I recently had prints created for a handful of my paintings. It was a tricky process, but I'm pleased with the outcome. The prints are near-perfect representations of the originals. I'm sharing my experience in case you are interested in having prints created for your own artworks.
Prints are not a substitute for the original artwork, but they can extend their value and reach. Here are some of the key benefits:
- They provide your fans with a more affordable alternative to originals.
- They are flexible, with many different types, materials, and sizes.
- They are scalable. The more you sell, the more profitable it becomes. With an original, once it's gone, it's gone. They also leverage your time and effort. Every new artwork you create is a new print you can sell over and over again. Artists are time-poor. So any leverage is worth exploring.
The downsides are:
- They may diminish the perceived value of your originals.
- There's little benefit at low volumes. The cost of getting everything set up might not be worth the effort for a few extra sales a year.
The dream for most artists is to have a catalog of prints that sell on autopilot day-in-day-out. But this is a rare case. For most, prints form more of a supporting role in an artist's career. They allow you to expand your reach, get into the hands of a larger audience, create upsell opportunities for your originals, and bring in a little more income. They are also a fantastic gift for friends and family.
There is some interesting discussion on prints versus originals in this Wetcanvas forum post.
The first step is to find a local printer. Talk to any photographer or artist friends about who they use and recommend. I was referred to my printing company, Streets Imaging, by a local photography workshop.
Otherwise, Google around. Look for (legitimate) reviews.
Note: An alternative is to use one of the many print-on-demand companies to create and send your prints. I'll cover that option in a separate post.
Prints require HIGH-quality photos of your art. The more pixels, the better.
If you are good with a camera and editing software, then you could do this yourself (refer to this article on photographing your art). Otherwise, I would look for a printing company that can handle it for you. That's what I did. I took my paintings to Streets Imaging and they did all the photographing and post-processing for a small fee. And that freed up time for me to do what I like doing—painting.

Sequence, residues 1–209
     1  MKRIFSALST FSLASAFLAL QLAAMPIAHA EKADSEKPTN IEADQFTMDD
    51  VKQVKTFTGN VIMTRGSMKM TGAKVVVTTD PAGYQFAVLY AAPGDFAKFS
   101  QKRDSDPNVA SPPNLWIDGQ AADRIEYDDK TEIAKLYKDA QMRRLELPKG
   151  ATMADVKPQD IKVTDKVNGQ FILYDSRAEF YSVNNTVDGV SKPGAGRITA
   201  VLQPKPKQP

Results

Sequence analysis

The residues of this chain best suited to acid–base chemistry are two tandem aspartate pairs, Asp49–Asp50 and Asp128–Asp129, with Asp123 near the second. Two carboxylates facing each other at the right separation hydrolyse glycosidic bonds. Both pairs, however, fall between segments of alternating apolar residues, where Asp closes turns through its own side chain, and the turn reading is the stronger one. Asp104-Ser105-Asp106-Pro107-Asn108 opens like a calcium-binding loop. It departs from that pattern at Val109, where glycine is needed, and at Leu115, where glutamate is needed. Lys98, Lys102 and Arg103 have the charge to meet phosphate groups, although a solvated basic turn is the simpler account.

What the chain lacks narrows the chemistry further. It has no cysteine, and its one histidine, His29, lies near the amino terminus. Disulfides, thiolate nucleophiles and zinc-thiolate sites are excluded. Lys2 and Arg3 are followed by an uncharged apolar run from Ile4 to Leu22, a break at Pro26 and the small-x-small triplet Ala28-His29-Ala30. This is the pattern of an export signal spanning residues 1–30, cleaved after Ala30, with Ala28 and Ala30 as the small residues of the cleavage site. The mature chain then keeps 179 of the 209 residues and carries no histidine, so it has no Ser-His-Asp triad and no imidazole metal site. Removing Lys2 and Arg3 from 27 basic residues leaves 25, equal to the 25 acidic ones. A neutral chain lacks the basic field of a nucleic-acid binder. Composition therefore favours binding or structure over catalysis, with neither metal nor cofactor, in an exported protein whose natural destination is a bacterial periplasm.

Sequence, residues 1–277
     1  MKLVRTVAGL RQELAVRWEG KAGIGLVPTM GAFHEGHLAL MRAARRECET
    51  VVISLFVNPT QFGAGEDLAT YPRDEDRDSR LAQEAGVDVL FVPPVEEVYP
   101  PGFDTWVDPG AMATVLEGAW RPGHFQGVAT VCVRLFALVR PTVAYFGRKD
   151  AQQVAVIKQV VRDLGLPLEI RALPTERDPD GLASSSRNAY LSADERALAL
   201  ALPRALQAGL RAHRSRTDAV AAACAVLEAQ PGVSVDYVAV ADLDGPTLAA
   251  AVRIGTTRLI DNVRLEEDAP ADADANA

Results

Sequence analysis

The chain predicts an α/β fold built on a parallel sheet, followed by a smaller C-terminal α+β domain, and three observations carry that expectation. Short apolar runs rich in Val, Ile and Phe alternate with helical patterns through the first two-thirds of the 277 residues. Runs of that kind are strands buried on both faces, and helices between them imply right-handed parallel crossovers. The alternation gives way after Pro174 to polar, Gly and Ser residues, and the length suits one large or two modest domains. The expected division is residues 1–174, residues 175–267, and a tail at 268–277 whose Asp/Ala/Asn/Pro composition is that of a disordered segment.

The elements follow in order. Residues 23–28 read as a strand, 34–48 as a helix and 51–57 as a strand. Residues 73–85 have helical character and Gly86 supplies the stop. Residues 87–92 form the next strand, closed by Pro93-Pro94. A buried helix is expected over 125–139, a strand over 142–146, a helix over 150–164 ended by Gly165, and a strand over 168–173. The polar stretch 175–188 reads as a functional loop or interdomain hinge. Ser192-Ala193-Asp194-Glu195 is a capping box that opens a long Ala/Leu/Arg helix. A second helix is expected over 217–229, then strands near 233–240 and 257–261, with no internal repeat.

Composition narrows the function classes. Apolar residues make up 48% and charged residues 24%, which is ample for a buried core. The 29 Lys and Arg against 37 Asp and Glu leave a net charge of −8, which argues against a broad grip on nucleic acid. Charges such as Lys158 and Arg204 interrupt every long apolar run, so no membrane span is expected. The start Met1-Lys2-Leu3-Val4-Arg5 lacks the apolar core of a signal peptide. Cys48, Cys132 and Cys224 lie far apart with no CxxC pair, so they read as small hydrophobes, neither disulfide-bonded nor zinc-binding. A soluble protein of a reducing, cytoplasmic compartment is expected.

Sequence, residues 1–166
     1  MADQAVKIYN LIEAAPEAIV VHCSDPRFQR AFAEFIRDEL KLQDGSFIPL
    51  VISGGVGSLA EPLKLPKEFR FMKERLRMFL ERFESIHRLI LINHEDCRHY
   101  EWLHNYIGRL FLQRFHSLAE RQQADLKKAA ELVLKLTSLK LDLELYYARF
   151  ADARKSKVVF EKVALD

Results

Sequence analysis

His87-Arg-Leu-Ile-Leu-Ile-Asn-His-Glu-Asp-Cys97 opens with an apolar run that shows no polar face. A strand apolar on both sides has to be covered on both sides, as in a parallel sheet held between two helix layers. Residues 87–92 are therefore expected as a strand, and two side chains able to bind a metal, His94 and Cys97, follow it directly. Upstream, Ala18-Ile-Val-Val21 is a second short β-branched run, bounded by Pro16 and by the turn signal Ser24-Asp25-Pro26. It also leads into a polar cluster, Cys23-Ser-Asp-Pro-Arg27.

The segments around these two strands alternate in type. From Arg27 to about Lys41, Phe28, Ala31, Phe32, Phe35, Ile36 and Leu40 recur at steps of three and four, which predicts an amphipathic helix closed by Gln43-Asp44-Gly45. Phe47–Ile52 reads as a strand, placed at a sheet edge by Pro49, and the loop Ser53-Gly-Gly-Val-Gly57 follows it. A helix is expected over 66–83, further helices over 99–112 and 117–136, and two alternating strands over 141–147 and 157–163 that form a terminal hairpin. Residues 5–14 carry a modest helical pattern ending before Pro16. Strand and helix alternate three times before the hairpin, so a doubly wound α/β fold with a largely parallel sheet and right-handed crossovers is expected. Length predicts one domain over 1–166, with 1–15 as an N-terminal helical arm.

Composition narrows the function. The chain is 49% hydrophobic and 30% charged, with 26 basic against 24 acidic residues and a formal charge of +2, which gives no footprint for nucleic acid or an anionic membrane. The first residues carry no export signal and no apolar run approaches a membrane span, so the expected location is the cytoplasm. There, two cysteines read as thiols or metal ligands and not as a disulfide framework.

You have many options regarding the print type. Fine art paper, canvas, smooth, glossy, textured, torn edge, border, etc. I used fine art paper (rag photographique) with a 1-inch border. It has a lovely texture and the border gives room to sign at the bottom.
The main things to consider when deciding what print type to go with are:
- Is it archival? Be careful of cheap materials.
- It is faithful to the original? A smooth, glossy print might not be suitable for a rough, textured landscape.
If in doubt, ask the print company. They should be able to guide your decision. You could also explore what similar artists are doing. Look on their website. Are they selling prints? What type of prints are they selling? Canvas or paper? Framed or unframed?
You have two options:
- Ship it yourself.
- Leave it up to a third party.
I went with the latter. Streets Imaging can ship the prints directly to the customer. All we need to do is give them the shipping details.
If you go this route, make sure you vet the company. Ask about shipping times, processes, and packaging. It is your brand on the line. You don't want it compromised by a third party's poor business practices.